Get this: It turns out that that's the whole point -— it hardly uses any water! And you barely need to add detergent (no joke, about two tablespoons). It's like the miracle of the loaves and fishes. And whoa, I kid you not; the clothes do come out cleaner and brighter. So, not only am I helping the environment while saving money, but I'm also dressed in fresh bright whites, halfway to Nirvana from watching my clothes spin.

We then needed a new lawn mower, and you guessed it, Al's familiar Southern drawl returned to remind me of the melting snow caps and drowning polar bears and brewing-while-we-speak category five hurricanes, so I researched again and purchased from Amazon.com a very 007 Black & Decker electric mower...wait for it...the Cordless CMM1200. There is no other way to say this -- it is way cool. The best part (well, besides saving the Earth) is that you don't have to pull that damned cord anymore. You simply insert a key, turn it and...BAMMO, it's ready to go. Yet another miracle! It's quiet and smooth and mows great, although it is a bit heavier due to the battery. But, like my washer and dryer, it looks so sleek and futuristic that I don't mind pushing the extra weight. I am, after all, saving the planet. When I'm done, I simply return the mower to the garage and plug it back in for next time. No more running out of gas or forgetting to add oil, and it doesn't smell bad and I don't have to look like a damn fool spastically yanking a stubborn pull-cord.

There are some very simple ways each and every one of us can Go Green, even if we do so reluctantly. If you would rather light a candle than curse the darkness, try lighting a CFL bulb instead (you know, the funky looking ones with the white swirly tubes). Just one new bulb will save 150 pounds of carbon dioxide a year. According to www.energystar.gov , if every American replaced just one bulb, it would save enough energy to light three million homes for a year (3,000,000! – that's an awfully big number) while saving over $600 million in annual energy costs. Imagine taking 800,000 cars and their harmful emissions off the road for a year: That's how much waste all of us can save by changing just one light bulb.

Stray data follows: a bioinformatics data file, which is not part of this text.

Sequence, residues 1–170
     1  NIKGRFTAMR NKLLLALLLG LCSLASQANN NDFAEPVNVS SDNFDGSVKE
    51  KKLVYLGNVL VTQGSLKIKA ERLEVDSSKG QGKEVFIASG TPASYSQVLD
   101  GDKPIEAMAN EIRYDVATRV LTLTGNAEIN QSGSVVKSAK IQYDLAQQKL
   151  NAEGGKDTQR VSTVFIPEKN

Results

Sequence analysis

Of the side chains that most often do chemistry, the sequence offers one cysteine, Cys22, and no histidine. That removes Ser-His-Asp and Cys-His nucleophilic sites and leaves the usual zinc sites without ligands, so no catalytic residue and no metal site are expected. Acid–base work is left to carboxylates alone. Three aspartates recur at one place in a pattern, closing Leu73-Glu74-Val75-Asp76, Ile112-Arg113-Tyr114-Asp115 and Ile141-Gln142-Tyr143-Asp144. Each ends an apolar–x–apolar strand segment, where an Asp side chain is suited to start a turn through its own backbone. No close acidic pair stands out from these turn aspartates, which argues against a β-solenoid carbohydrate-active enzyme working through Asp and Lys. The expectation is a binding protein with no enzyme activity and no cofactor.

One silly looking bulb can do all this?

It gets better. Each bulb saves you 30% in electrical costs and, whoa, the bulbs last ten times longer than regular bulbs. Selfishly, I love the notion of changing burnt-out bulbs ten times less often. Also, these bulbs are safer than regular bulbs because they do not get as hot thus reducing the risk of fire while simultaneously helping to cut your air-conditioning costs. Energystar.gov reports that the bulbs use 75% less energy while producing 75% less heat. Dig
that -- they're Wonder Bulbs!

Emboldened by my growing Greenness, I replaced each and every light bulb in our new home with CFL's. I just counted: we now use 28 of these swirly numbers, plus we bought CFL flood lights for outside use. And our house is small. Imagine if all the rich people in their huge houses changed their millions of bulbs. We could save gazillions maybe bazillions of dollars while slashing harmful emissions by a sizeable fraction (you may want to check my math).

It's not easy being Green, but it's not all that difficult either. And once you start, you might just find yourself embracing it. For more information on simple steps you can take, please visit Climate Crisis. Start by reading the list of ten simple things you can do. Then, if you must, take a long shower.

For more on Fat wallet and saving in general, please visit my blog.

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"Penny Less" is the pen name of a veteran middle school teacher, who holds a
Master's degree in Education and is currently job hunting. Penny is also a
freelance writer who has had articles published in the Raleigh News and Observer
and most recently in the Washington Post. She has lived most of her adult life
in the DC-Baltimore area, although she recently returned from a three year
detour in the South (Raleigh, NC). She is married with a 7-year-old daughter,
which prompts her to observe: "While I may be struggling in this economy, I lead
a rich life blessed with a great family and amazing friends."

You can also read Penny's column on http://www.AllLifeIsLocal.com .